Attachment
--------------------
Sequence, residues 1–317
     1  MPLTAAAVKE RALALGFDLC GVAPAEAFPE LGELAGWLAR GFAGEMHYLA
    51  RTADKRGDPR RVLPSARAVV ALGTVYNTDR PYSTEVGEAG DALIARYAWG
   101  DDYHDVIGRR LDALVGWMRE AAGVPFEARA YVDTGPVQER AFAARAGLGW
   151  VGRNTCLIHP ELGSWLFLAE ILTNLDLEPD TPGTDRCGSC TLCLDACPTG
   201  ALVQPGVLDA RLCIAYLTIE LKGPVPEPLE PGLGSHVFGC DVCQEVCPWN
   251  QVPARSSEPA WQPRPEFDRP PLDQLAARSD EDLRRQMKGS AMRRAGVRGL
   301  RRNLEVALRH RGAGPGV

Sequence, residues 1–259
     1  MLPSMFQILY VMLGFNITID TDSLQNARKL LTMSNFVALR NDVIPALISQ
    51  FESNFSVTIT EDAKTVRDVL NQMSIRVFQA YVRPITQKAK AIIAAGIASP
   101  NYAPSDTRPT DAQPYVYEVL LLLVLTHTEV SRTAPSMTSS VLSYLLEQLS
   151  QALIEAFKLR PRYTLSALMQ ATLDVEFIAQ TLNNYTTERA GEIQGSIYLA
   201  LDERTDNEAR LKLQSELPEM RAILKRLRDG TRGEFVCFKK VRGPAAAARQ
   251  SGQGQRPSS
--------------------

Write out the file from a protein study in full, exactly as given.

Sequence, residues 1–317
     1  MPLTAAAVKE RALALGFDLC GVAPAEAFPE LGELAGWLAR GFAGEMHYLA
    51  RTADKRGDPR RVLPSARAVV ALGTVYNTDR PYSTEVGEAG DALIARYAWG
   101  DDYHDVIGRR LDALVGWMRE AAGVPFEARA YVDTGPVQER AFAARAGLGW
   151  VGRNTCLIHP ELGSWLFLAE ILTNLDLEPD TPGTDRCGSC TLCLDACPTG
   201  ALVQPGVLDA RLCIAYLTIE LKGPVPEPLE PGLGSHVFGC DVCQEVCPWN
   251  QVPARSSEPA WQPRPEFDRP PLDQLAARSD EDLRRQMKGS AMRRAGVRGL
   301  RRNLEVALRH RGAGPGV

Sequence, residues 1–259
     1  MLPSMFQILY VMLGFNITID TDSLQNARKL LTMSNFVALR NDVIPALISQ
    51  FESNFSVTIT EDAKTVRDVL NQMSIRVFQA YVRPITQKAK AIIAAGIASP
   101  NYAPSDTRPT DAQPYVYEVL LLLVLTHTEV SRTAPSMTSS VLSYLLEQLS
   151  QALIEAFKLR PRYTLSALMQ ATLDVEFIAQ TLNNYTTERA GEIQGSIYLA
   201  LDERTDNEAR LKLQSELPEM RAILKRLRDG TRGEFVCFKK VRGPAAAARQ
   251  SGQGQRPSS